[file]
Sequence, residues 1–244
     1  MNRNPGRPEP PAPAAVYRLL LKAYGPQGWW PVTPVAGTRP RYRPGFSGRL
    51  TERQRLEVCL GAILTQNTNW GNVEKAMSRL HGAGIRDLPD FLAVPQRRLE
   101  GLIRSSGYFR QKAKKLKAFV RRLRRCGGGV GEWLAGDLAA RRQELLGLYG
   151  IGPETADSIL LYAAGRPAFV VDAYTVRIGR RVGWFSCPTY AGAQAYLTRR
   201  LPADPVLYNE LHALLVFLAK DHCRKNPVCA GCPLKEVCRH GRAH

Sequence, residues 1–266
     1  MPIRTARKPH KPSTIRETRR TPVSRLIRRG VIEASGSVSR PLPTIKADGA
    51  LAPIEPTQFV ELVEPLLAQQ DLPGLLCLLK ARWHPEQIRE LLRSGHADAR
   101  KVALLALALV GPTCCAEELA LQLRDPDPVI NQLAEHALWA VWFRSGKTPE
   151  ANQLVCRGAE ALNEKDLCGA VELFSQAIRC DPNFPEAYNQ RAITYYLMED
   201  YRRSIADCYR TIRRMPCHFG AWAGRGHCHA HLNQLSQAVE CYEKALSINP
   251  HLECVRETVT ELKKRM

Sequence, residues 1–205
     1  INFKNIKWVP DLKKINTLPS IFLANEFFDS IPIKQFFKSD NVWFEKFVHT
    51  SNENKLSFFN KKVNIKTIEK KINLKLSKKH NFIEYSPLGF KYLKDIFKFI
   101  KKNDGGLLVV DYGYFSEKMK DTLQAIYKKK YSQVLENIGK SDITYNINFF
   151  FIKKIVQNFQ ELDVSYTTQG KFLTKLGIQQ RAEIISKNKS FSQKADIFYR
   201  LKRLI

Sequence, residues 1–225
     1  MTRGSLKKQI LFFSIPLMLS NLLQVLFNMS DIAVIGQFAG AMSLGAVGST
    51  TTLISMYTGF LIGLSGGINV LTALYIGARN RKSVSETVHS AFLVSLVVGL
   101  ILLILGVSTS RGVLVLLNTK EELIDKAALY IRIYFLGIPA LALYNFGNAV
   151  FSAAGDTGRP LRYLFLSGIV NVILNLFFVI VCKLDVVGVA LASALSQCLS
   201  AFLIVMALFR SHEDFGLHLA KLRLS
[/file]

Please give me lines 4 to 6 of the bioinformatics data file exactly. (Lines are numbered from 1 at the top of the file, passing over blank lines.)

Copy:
   101  GLIRSSGYFR QKAKKLKAFV RRLRRCGGGV GEWLAGDLAA RRQELLGLYG
   151  IGPETADSIL LYAAGRPAFV VDAYTVRIGR RVGWFSCPTY AGAQAYLTRR
   201  LPADPVLYNE LHALLVFLAK DHCRKNPVCA GCPLKEVCRH GRAH